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LETTERS TO EDITOR
The Comedy of Errors
Since its founding in 1991, the Aquila Theatre Company has gained a reputation for producing classical work with daring imagination and skill. Last year's Much Ado was an enormous artistic success still talked about among local theatergoers. This summer's production of The Comedy of Errors has been much anticipated, but as directed and adapted by Robert Richmond, one has the sense that stage effects and spectacle have been achieved at the expense of stage meaning and substance.
The Comedy of Errors has the distinction of being the only play by Shakespeare with the word comedy in the title. Nonetheless, its genre has been a source of debate since Coleridge first called it a farce. Cribbed largely from a play by Plautus, this play has often been said to push the envelope of classical comedy. It contains such mind-bending conceits as the use identical twins. Plausibility is further tested by a wild and mostly coincidental plot structure.
Director Robert Richmond and his athletic, daring cast do everything but turn themselves inside out. On the one hand, it is an endlessly imaginative, colorful, often exhilarating madhouse of a production. One can't think how theatre space could be used to greater effect. One the other hand, it is exhausting and finally tiresome. The opening scene, a rather long but arresting bit, includes the actors' slow-motion entrances. The curtain call is a confetti-strewn extravaganza of gestures that sends the audience home wide-eyed and grinning. Between these two bookends comes an array of highly inventive theatre bits, but one may ask whether they concentrate or divert the mind. Either way, one can't deny that the creative team knows how to make the stage come alive.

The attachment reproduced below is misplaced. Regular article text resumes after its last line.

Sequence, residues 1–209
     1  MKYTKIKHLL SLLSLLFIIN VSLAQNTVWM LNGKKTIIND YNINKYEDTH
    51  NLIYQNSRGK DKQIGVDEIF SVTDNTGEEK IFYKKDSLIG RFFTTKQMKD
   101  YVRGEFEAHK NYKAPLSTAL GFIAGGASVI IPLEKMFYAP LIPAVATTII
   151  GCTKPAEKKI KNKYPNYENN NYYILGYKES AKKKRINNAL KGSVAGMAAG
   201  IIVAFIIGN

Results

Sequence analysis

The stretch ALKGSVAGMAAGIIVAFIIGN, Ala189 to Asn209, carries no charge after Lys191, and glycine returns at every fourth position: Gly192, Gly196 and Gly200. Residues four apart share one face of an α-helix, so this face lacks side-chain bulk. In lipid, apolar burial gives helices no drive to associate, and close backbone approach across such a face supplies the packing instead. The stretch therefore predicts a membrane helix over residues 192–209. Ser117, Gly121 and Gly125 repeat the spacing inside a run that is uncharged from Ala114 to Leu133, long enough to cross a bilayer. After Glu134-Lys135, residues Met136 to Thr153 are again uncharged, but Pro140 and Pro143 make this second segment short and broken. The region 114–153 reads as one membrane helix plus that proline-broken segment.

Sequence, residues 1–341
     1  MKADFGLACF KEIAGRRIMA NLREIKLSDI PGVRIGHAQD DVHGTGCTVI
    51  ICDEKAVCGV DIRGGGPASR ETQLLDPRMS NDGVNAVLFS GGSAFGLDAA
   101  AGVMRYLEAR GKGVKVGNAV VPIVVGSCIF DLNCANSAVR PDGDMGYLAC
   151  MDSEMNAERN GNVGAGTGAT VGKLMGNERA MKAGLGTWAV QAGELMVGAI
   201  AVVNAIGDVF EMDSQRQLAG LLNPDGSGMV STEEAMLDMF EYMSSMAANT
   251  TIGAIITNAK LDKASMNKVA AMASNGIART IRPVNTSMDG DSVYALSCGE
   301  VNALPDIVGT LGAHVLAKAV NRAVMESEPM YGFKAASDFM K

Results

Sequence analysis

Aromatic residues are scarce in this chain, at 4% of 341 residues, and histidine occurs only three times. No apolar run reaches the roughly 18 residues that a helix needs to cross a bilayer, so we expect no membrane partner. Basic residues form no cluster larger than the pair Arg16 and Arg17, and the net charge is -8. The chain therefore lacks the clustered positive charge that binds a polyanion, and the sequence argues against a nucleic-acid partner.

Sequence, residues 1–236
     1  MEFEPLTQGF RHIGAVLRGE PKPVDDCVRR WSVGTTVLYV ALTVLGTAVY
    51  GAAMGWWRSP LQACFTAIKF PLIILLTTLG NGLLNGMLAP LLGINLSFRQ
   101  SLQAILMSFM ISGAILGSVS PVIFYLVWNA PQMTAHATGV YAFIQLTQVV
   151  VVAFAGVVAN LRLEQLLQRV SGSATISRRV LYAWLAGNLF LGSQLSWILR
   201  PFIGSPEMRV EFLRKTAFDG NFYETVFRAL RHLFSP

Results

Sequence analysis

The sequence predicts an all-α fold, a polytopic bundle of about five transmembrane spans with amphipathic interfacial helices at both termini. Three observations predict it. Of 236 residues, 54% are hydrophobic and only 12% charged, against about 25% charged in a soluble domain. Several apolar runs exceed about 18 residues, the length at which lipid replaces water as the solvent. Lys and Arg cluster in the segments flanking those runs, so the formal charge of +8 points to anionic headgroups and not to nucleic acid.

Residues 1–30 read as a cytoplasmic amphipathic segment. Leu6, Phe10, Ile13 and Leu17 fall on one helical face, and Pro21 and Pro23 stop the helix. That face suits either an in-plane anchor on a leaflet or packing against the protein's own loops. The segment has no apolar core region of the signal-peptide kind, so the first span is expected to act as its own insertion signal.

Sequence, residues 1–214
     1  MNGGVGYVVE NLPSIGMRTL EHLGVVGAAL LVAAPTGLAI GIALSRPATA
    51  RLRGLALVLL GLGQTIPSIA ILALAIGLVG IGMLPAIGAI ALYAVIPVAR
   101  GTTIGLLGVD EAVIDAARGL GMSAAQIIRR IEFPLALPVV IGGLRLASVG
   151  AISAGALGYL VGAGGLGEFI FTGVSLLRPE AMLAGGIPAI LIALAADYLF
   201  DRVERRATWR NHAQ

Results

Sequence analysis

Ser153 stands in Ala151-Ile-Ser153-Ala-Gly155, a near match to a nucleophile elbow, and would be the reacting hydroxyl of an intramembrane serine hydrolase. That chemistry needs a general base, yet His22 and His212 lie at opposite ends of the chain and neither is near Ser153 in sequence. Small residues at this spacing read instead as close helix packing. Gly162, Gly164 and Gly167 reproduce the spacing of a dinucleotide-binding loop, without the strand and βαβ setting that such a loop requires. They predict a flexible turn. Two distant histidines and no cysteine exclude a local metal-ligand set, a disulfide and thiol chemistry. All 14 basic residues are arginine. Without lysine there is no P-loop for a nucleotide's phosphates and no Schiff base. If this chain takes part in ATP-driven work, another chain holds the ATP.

Artistic Director Peter Meineck states in his stage notes to the audience that this production promises to be fun and accessible. This is a fair a characterization of its achievement (note the family-friendly playing times). The audience, especially those under 12, did indeed seem to enjoy themselves, but just what they gained access to remains a mystery. Pratfalls and somersaults are a joy to behold, but there are times when the actors seem to repeat comic movements for no other purpose than that of getting a laugh.
6, 500 Comparative Phrases including 800 Shakespearean Metaphors by CurtainUp's editor.
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